Collecting invasive carp from the Mississippi River and its tributaries requires a diversity of approaches and equipment of which will be dependent on factors such as water flow, depth, clarity, and temperatures. Additionally, substrate in and on the river creates challenges in accessing and removing the fish. Working a minimum of 30 field days, SFS will test several methods of removal including using special electrofishing equipment, possibly in combination with various net gear. If successful, this effort will provide more factor-specific guidelines for methods and gear to harvest invasive carp found in low densities but strategic to reducing the propensity for the fish in expanding their ranges of recruiting populations.
Silver Fin Solutions and Murray State University Contract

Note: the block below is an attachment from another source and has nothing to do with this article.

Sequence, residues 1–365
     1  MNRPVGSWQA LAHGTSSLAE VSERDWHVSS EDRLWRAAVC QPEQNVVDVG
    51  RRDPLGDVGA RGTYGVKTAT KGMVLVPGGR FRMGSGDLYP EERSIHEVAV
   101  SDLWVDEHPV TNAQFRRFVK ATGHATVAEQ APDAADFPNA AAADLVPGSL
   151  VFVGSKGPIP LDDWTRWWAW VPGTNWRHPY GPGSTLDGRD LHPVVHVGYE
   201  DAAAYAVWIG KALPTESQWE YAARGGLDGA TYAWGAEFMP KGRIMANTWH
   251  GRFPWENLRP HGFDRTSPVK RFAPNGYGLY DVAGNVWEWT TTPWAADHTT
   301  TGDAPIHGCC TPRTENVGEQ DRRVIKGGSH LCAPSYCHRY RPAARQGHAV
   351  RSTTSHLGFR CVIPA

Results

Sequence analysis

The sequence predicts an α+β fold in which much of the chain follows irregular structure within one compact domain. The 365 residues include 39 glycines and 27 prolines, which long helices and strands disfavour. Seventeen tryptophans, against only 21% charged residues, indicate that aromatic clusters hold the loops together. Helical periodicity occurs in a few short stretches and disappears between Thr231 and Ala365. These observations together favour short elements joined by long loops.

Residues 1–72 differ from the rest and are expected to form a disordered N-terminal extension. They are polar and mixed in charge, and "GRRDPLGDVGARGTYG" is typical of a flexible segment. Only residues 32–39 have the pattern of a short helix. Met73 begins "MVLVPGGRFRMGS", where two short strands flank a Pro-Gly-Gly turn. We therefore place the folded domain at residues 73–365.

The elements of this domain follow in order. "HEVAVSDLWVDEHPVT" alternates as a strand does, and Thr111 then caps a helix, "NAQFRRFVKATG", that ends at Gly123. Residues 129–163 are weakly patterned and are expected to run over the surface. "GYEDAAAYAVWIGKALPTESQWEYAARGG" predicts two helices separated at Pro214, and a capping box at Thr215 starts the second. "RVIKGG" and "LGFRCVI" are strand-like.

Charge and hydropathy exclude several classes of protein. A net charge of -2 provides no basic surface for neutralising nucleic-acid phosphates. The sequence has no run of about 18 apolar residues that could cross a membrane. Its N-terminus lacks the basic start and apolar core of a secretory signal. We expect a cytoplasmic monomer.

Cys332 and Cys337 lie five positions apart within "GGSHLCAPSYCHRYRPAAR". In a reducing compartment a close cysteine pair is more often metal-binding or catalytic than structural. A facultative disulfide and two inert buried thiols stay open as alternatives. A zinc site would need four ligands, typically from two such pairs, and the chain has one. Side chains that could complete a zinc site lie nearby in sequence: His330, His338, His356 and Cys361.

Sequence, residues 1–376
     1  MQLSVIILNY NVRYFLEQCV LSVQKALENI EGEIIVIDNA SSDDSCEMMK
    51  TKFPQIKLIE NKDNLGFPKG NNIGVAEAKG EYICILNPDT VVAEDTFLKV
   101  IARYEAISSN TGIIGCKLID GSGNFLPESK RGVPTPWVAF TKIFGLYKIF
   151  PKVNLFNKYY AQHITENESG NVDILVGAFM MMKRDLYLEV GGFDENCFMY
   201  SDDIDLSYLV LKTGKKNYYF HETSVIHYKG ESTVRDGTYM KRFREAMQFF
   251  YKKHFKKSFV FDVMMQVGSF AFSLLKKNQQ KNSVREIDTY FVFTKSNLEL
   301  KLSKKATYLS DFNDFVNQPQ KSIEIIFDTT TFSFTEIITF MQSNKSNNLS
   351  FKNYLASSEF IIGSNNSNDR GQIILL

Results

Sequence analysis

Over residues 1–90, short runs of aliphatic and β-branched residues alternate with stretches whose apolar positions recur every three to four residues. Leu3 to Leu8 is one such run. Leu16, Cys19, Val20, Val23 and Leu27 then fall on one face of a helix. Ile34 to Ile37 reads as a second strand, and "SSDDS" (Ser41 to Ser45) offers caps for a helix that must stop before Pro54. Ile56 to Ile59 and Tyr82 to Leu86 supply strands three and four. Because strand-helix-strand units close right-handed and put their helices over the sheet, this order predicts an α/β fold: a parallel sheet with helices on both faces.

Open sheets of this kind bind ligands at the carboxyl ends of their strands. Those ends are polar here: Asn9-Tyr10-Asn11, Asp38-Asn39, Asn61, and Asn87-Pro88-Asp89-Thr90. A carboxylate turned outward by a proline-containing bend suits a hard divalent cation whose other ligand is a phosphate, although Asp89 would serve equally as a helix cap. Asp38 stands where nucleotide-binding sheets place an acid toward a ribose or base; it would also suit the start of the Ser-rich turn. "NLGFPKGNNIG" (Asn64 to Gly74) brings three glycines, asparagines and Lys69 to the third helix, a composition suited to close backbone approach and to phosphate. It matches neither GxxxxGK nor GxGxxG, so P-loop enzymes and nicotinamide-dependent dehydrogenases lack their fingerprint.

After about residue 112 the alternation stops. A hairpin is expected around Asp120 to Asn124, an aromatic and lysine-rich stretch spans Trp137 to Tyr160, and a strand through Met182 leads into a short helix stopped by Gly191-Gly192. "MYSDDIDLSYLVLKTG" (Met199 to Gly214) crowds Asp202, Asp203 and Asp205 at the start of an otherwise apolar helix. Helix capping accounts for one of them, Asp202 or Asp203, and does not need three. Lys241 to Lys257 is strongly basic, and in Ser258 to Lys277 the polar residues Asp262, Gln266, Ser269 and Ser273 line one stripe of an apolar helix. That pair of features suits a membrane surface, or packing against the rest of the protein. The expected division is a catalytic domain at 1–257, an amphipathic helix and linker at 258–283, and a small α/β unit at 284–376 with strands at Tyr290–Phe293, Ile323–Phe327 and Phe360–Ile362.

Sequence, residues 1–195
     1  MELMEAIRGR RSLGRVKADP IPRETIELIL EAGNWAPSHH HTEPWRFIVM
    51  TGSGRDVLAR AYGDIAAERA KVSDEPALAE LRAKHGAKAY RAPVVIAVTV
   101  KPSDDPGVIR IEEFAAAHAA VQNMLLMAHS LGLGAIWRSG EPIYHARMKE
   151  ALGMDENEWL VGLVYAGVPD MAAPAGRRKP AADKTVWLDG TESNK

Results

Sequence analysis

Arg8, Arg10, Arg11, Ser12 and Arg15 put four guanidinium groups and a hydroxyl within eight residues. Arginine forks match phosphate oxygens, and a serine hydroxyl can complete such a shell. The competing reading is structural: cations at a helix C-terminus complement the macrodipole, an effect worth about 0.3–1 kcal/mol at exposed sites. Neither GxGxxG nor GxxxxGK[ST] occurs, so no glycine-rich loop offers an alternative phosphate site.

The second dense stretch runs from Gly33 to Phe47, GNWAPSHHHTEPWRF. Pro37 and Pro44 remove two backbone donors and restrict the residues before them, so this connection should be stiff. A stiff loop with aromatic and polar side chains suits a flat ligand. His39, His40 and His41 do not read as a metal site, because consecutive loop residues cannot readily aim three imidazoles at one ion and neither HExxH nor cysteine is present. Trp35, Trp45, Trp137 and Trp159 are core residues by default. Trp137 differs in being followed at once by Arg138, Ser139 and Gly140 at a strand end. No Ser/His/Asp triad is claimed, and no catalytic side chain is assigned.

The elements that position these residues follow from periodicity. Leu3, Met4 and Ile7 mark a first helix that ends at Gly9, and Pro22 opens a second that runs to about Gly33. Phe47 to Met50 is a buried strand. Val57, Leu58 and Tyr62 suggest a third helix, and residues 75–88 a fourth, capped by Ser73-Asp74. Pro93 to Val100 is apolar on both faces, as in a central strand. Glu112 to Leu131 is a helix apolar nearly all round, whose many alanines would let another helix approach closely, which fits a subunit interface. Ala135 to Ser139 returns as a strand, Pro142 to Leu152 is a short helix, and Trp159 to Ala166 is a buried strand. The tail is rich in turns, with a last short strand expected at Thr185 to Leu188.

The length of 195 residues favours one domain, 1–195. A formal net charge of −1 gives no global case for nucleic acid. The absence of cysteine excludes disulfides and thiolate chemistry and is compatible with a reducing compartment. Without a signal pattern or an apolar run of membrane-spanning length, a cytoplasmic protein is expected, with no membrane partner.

(February 2021 – October 2022)
A portion of Kentucky’s funds are provided by USFWS’ grants directly to Murray State University (MSU) to conduct several invasive carp research projects. In fall 2020, MSU reached out to SFS with offers to conduct four of the invasive carp research projects in Kentucky Lake and its tailwaters. The research generally includes projects to explore new and refine existing invasive carp mass-harvest techniques for large reservoirs and their tailwaters to determine the efficacy of using persistent carp removal efforts in the tailwater to cause deterrence to invasive fish attempting to enter Kentucky Lake. More detailed information on each of these SFS projects will be provided in future blogs on our Projects webpage as they are conducted.
Modified Unified Method for Asian Carp Harvest